From the spikes, to the mohawk, double pony tail, man-bun and even the bowlcut, Jeremy Lin has sailed the ocean blue and crossed the seven seas of hairstyles. But why not just stick to his classic “Linsanity” buzzcut?
In his article in the Player’s Tribune, Lin said that he started rocking different hairstyles to “pull out of [his] comfort zone and make [himself] feel more free.”
Although there’s always the cynical perspective that Lin is changing his hairstyle for attention after “Linsanity” died down, the fact remains that he has the courage to change his appearance in front of his social circle and doubters. Most importantly, his hairstyle choices are against the wishes of his own mom, proving that Lin is making decisions for himself.
Growing up as an Asian-American and being associated with “Bruce Lee…and shrimp fried rice” taught Lin that stereotyping a culture was disempowering, making one “feel like [one’s] worth less…and [one’s] voice matters less.”
The reason why Jeremy Lin is sporting dreads is because he wants to start a conversation, and it worked. Former teammate Kenyon Martin criticized Lin’s hairstyle in an Instagram video, saying, “You wanna be black…but his last name is Lin,” with the caption including a plethora of emojis: “[I’m] disappointed in his teammates and the Nets organization for allowing this foolishness [too]!!!”
Ironically, Martin has a tattoo of Chinese characters on his arm that say “You worry about losing, you worry about winning,” showing off his indecisiveness rather than his winning mentality. Lin pointed this out in an Instagram comment response to Martin, noting “the more we appreciate each other’s cultures, the more we influence mainstream society.” Lin went on to mention that he had a poster of Martin on his wall while he was growing up.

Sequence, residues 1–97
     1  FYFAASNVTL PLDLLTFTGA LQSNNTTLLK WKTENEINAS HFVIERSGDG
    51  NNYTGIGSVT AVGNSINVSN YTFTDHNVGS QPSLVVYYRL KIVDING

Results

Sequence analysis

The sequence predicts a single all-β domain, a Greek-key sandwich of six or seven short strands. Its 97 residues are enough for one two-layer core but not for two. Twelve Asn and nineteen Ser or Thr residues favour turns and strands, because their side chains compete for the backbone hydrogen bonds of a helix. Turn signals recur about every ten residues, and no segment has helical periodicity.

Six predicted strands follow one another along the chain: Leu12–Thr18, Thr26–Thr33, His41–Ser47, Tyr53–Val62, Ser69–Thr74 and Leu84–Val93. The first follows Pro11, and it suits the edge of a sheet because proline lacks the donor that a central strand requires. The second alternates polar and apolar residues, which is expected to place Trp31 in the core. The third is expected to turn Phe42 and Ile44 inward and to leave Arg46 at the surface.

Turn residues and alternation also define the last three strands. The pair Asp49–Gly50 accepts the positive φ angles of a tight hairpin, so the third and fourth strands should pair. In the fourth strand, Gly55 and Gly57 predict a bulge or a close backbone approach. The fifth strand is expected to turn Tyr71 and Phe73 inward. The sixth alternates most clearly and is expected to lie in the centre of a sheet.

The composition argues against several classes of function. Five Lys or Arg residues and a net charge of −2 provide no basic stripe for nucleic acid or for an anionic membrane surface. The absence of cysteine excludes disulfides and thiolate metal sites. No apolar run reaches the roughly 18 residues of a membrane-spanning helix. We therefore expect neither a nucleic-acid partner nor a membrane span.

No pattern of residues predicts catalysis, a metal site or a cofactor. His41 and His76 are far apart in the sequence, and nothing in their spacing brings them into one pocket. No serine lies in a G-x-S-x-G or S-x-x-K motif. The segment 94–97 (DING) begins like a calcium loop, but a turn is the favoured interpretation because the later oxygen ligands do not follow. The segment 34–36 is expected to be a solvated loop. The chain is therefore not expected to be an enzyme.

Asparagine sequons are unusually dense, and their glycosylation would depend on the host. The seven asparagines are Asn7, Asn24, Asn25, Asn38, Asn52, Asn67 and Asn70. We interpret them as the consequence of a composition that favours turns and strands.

As an Asian-American that grew up in a privileged bubble having not dealt with racism before, I really applaud Lin’s comments and actions. It’s admirable when athletes utilize their platform and fan base to challenge social stigma against talking about social issues, like police brutality, racial discrimination and being a minority in general.
Lin recognizes that his dreads might be considered as a form of cultural appropriation. He even reached out to a Brooklyn hairstylist and braider to ensure that his hair was not not dismissive or disrespectful to another heritage. By going out of his way to understand the trouble of maintaining, growing and playing in braids, Lin is showing empathy and appreciation for another part of his colleagues’ culture. As the cultural dynamic of our society becomes more diverse, it’s important to understand and respect different parts of others’ heritages.
At Case Western Reserve University, there are plenty of cultural clubs for all students to join. Although most of the cultural clubs may seem exclusive, all of them want new members and are passionate to share their culture. It may be intimidating to join a social circle when you’re the minority, but experiencing the uncomfortableness will make you understand how minorities feel in the bigger picture. And soon it won’t be uncomfortable at all as you’ll have already made some new friends.